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Charting the Historic Significance of Hillary Rodham Clinton (April 2017): Autobiography as Self-Portrait

By Angela Fritz

Autobiography as Self-Portrait

For most of the late twentieth century, the autobiography has offered political figures a personalized genre for engagement and persuasion. Increasingly, the political autobiography has gained popularity as a means for articulating life experience, a political vision or point of view that coincides with a political event, a campaign, a reelection, or a defeat. Taken in context of more personalized “life writings,” Clinton’s autobiographical works offer readers a unique self-portrait, and as a result, make them essential reading. While these autobiographies can be read as the life story of Clinton, spanning from 1996 to 2015, it is important to note that they are largely political in nature, and crafted to portray and contextualize her life as she repositions her sights on the national political scene or attempts to offer a firsthand perspective with the purpose of “setting the record straight” or shaping a political image.

It Takes a Village, Clinton’s first political treatise, published in 1996, is devoted to supporting public policy that would promote the health and well-being of low-income children. The title, derived from an African proverb, seemed to bridge her early work with the Child Defense Fund and her wide-ranging public policy work as the First Lady of Arkansas to reaffirm her advocacy role in the context of a well-defined national commitment. It Takes a Village underscores a collective social responsibility for the young and their communities while outlining a comprehensive public policy initiative that Clinton would lead as First Lady. Clinton’s other early writings also relate to her image-building as First Lady. These published works include An Invitation to the White House: At Home with History (2000) and Dear Socks, Dear Buddy: Kids’ Letters to the First Pets (1998). These works offer elements of autobiography as they detail life in the White House, but they also serve to recast her role as First Lady in a more traditional context after a series of controversies during the early part of the Clinton administration.

Published in 2003, Living History is Clinton’s first political autobiography. It offers a personal account of her childhood through her senatorial years. Born in 1947, Clinton grew up in the Midwest at a time when postwar domesticity promoted motherhood and homemaking as women’s highest achievements. Initially influenced by the traditional gender roles of her suburban Illinois upbringing, Clinton was shaped by her father’s politics and, at first, was a dedicated Republican and a self-proclaimed “Goldwater Girl.” A reaction to these traditional gender roles of the postwar period led to the rise of Second Wave Feminism, which ultimately shaped Clinton’s political awakening as she was admitted on a scholarship to Wellesley College in 1965. As the 1960s made its mark on her generation, Hillary entered Yale Law School in 1969, one of only 26 women in a class of 237, and as a law student she would solidify her early commitment to the interests of women and children.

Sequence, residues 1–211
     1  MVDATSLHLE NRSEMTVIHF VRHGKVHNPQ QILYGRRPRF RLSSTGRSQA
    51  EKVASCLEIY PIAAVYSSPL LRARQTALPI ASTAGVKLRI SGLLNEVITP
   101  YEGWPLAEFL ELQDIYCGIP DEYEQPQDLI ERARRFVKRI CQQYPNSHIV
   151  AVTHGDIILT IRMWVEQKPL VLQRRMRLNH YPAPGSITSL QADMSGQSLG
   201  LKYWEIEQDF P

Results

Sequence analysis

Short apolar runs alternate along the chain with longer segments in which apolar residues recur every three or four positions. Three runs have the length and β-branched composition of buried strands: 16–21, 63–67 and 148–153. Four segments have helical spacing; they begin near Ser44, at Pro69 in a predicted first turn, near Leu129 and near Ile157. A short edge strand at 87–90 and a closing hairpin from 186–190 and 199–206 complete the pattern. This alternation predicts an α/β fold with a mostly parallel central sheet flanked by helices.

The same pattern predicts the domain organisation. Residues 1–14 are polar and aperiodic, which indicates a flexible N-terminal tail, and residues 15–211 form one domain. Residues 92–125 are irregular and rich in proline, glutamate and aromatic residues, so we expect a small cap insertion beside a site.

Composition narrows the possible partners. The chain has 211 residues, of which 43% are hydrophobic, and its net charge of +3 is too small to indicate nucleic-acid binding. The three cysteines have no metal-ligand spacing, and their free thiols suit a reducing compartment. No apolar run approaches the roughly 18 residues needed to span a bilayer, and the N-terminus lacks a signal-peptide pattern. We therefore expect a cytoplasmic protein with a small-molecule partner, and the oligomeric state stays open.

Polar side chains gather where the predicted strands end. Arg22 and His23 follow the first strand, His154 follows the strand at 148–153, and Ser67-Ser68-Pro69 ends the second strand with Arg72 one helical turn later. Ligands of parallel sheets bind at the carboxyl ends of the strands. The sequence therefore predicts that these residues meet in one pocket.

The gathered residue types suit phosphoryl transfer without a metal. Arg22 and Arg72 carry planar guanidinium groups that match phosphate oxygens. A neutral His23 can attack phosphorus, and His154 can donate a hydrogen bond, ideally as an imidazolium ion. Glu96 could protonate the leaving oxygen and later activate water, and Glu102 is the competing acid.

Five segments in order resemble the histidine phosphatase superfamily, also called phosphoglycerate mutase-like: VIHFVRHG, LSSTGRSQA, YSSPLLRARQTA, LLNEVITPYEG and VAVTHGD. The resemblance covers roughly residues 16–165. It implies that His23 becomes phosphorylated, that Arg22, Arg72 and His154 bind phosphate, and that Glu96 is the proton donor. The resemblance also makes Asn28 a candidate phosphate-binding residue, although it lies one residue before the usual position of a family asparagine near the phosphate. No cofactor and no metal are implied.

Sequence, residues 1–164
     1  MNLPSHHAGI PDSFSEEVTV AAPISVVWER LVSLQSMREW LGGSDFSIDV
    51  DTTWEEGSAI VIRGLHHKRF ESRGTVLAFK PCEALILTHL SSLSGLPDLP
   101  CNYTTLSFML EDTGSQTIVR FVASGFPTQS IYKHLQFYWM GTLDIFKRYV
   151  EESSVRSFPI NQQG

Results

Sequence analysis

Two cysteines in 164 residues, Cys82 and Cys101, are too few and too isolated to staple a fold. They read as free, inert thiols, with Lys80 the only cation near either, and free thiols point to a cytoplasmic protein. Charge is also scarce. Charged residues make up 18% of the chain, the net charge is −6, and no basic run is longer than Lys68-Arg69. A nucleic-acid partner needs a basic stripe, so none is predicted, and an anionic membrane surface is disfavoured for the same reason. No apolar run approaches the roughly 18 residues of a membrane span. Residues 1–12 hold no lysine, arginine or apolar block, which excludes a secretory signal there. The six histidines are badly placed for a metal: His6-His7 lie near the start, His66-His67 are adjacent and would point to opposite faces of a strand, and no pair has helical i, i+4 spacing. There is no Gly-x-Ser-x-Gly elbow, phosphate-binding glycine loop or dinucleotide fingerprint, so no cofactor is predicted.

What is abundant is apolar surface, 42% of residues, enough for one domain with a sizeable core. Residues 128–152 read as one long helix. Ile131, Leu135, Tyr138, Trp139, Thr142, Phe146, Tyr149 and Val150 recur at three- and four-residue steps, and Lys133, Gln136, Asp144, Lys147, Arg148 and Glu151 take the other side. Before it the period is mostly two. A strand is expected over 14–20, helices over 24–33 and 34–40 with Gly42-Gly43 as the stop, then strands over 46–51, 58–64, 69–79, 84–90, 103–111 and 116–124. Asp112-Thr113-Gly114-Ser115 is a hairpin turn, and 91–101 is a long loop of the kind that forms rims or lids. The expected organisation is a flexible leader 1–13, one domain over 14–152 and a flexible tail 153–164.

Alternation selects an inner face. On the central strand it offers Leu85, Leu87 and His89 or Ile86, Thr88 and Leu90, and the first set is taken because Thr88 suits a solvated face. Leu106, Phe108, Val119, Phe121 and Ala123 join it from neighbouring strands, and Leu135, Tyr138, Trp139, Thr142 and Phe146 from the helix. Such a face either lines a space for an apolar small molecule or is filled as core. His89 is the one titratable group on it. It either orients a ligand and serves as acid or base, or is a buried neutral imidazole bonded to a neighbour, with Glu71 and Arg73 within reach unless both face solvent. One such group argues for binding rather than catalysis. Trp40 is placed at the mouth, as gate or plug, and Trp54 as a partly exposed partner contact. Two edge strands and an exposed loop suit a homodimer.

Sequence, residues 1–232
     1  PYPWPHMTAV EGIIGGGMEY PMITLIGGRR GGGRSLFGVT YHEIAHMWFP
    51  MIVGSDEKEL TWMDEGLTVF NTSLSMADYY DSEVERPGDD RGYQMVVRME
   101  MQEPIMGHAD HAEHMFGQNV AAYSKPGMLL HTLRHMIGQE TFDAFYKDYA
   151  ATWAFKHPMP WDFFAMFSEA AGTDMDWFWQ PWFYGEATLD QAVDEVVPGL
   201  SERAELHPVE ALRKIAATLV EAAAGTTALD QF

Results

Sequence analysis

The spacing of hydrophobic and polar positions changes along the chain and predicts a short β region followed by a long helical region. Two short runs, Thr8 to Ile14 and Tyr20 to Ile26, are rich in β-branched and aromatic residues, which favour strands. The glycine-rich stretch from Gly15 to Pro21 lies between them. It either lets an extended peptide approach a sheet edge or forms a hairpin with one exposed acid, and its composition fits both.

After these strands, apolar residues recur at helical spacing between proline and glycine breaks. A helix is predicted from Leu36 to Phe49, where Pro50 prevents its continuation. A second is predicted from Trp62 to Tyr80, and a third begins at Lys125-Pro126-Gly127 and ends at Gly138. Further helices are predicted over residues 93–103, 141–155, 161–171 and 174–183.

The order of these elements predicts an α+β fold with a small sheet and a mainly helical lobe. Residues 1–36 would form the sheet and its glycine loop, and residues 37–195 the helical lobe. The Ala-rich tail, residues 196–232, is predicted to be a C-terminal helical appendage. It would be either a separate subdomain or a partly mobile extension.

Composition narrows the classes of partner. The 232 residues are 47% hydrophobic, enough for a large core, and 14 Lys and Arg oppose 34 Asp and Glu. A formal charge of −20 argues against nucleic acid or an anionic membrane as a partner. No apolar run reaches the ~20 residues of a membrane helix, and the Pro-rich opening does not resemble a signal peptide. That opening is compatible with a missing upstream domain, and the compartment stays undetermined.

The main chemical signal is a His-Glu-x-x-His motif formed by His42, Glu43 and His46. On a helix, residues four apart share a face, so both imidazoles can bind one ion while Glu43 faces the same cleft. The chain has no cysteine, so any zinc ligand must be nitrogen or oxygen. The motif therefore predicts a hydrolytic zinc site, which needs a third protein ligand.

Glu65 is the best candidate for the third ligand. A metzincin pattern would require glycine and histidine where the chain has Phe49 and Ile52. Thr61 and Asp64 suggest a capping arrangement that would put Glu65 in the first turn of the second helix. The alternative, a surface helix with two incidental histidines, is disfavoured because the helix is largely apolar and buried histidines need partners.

In addition to an early biographic account of her life, Living History offers the most detailed description of her time in Arkansas, including her experience as a law professor at the University of Arkansas, a detailed account of Bill Clinton’s early political victories and defeats, an overview of her time in the private sector as a lawyer at Rose Law Firm, and a discussion on becoming a mother. Living History reveals a glimpse of her religious beliefs and personal support network. She also makes her first reference to her future political candidacy. Blending integrated narratives of politics and personal biography, Clinton provides succinct discussion of the White House years, including her husband’s impeachment and the shortcomings of health care reform.

In her second autobiographical work, Clinton picks up her story and begins to outline her biographical trajectory after 1992. Hard Choices, ironically similar to the title of George W. Bush’s 2010 memoir Decision Points, details her time at the State Department. Clinton begins her narrative by equating her political defeat in 2008, under a section entitled “Fresh Start,” with her acceptance of the position of secretary of state. Hard Choices summarizes her vision of diplomacy, offers a firsthand account of the development and negotiation of treaties with a special focus on the complexities and challenges of American diplomacy in the twenty-first century. She covers US relations with China, the Arab Awakening, and negotiations with Vladimir Putin. In addition to reiterating her commitment to climate change and human rights, Hard Choices offers a thirty-four page chapter on the attack on Benghazi that presents a counternarrative to the claims made by many of her Republicans critics. In direct contrast to the “Bush Doctrine,” Clinton outlines her foreign policy approach of “Smart Power,” in which military actions are accompanied by a commitment to social and economic reconstruction, soft diplomacy, and private-sector partnership building.